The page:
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With four months until the November election, the decisions may mean there will be no public revelations about Mr Trump’s financial affairs during an already difficult re-election battle.

I am not sure if the "with" here means at particular points.

Save that, Both decisions pointed towards further litigation in the pair of the cases, with the court sending the subpoenas back to the lower courts for additional proceedings.

The “with” here means meanwhile something happens?

I failed to find an appropriate definition for it in these cases. Source:https://www.ft.com/content/2f249f8c-3aaa-4c41-bbe0-e78fd577b2ab

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  • The first "with" indicates an accompanying situation. Webster lists that sense under 7b -- a function word to indicate an attendant fact or circumstance. The second "with" indicates an accompanying consequence. This matches Webster's 7c -- a function word to indicate a result attendant on a specified action. – Gary Botnovcan Jul 11 '20 at 12:25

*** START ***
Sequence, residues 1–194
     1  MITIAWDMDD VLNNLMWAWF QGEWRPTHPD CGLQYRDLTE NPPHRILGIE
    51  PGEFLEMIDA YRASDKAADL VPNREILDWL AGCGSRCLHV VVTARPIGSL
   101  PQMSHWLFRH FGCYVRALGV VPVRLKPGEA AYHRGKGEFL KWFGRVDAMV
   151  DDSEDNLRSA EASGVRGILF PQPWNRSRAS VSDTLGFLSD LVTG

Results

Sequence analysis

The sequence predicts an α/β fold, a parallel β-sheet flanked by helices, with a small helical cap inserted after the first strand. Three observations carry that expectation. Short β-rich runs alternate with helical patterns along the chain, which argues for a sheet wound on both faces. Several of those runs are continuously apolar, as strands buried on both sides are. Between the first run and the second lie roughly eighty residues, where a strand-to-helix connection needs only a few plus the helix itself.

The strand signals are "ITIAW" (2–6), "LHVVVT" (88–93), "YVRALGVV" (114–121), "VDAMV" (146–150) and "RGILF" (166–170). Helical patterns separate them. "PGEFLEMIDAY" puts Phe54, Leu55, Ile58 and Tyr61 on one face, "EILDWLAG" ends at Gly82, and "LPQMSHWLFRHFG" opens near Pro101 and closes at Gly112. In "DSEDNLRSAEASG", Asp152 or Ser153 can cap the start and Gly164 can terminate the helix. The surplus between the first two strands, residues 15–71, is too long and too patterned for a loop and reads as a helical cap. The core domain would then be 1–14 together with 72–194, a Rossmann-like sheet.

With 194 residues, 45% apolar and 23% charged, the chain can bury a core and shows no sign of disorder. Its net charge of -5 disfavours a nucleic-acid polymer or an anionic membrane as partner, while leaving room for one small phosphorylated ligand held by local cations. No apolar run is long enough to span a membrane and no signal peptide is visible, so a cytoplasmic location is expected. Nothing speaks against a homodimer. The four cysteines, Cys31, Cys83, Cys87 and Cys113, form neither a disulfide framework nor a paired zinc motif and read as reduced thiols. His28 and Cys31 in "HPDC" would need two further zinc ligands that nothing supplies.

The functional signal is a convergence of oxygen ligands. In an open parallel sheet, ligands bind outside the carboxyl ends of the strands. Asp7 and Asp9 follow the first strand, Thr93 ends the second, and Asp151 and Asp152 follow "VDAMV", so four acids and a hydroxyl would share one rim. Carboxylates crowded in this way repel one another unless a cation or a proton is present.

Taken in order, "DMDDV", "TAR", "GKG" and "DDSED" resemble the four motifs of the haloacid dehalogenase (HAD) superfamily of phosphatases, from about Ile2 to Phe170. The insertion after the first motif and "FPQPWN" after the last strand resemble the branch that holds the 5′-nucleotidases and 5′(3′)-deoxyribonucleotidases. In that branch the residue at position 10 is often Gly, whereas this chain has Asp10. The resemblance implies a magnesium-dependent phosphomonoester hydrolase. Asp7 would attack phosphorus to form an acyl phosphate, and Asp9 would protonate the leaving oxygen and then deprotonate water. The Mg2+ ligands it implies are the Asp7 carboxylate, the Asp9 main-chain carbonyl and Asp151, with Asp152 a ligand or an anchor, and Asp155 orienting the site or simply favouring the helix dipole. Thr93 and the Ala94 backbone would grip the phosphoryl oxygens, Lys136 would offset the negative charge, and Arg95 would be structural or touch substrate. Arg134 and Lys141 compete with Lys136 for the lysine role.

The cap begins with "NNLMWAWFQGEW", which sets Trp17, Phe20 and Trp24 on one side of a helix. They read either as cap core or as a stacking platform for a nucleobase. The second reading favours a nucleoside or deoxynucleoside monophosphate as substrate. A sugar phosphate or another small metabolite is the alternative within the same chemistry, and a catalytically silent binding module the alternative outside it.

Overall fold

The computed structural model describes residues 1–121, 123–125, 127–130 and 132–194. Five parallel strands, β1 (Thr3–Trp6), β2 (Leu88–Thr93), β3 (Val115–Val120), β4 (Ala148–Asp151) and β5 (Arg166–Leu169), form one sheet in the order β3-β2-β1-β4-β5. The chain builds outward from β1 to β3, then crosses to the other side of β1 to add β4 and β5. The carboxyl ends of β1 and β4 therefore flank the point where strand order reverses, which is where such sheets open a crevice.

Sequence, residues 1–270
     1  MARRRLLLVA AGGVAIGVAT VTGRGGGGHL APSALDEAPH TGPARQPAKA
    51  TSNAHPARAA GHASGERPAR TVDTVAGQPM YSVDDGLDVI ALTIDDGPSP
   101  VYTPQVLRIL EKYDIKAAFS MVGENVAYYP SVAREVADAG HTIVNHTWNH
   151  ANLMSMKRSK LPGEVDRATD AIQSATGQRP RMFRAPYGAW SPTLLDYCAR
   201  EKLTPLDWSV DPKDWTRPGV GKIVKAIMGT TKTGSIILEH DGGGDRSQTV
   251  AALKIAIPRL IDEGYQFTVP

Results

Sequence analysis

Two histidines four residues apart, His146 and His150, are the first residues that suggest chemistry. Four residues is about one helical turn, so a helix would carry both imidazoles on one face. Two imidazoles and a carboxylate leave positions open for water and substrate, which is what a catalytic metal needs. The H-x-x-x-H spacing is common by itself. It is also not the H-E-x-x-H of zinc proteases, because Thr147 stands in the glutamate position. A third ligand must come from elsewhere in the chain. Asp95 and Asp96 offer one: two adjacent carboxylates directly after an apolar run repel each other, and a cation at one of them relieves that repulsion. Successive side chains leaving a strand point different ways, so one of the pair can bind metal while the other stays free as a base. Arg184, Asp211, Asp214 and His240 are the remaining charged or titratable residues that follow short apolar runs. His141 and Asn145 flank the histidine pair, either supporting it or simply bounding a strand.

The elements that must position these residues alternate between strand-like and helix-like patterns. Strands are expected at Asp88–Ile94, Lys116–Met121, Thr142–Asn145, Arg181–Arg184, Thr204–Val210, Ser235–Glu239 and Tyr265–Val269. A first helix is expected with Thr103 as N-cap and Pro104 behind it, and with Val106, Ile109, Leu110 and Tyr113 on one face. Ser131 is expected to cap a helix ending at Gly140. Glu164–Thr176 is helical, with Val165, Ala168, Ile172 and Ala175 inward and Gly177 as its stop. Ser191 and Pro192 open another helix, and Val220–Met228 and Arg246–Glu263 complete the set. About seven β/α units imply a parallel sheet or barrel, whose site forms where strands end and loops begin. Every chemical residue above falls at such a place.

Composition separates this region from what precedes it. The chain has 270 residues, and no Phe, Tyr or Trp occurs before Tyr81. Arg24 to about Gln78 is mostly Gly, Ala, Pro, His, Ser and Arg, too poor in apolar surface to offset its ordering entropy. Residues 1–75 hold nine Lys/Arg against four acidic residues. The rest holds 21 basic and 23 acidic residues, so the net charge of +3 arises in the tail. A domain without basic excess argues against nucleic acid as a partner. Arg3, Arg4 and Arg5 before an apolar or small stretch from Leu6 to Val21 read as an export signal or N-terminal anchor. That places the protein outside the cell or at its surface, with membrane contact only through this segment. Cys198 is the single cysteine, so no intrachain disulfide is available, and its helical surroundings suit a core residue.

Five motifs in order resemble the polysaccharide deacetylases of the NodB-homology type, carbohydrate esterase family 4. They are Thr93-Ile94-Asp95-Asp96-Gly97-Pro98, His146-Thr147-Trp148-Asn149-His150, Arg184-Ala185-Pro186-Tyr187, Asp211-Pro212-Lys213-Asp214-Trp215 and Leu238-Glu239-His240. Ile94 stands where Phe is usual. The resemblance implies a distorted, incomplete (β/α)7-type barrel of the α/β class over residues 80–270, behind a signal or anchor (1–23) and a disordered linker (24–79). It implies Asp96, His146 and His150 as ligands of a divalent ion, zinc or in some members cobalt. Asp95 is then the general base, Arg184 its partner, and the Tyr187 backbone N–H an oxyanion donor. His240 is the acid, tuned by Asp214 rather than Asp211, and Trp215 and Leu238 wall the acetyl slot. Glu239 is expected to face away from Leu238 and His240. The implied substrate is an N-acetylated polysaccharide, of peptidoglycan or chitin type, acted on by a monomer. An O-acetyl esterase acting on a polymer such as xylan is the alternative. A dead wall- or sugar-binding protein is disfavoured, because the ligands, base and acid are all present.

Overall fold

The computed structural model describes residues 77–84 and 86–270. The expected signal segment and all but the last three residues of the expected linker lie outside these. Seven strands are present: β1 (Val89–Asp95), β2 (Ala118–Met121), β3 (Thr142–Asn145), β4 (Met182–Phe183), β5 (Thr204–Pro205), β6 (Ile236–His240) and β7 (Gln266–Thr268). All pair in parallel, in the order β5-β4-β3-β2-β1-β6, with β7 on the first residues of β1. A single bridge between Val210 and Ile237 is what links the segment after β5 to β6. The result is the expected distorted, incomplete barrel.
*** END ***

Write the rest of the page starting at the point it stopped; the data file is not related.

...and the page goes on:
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It connects the first part of the sentence with the second part, implying that these two things are related. It connects "four months until the November election" with "the decisions may mean there will be no public revelations about Mr Trump’s financial affairs during an already difficult re-election battle."

You can think of it like "Since there are four months" or "Considering that there are four months".

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  • Thanks for your answer. I've found out more about it. – Henry Jones Jul 11 '20 at 0:05

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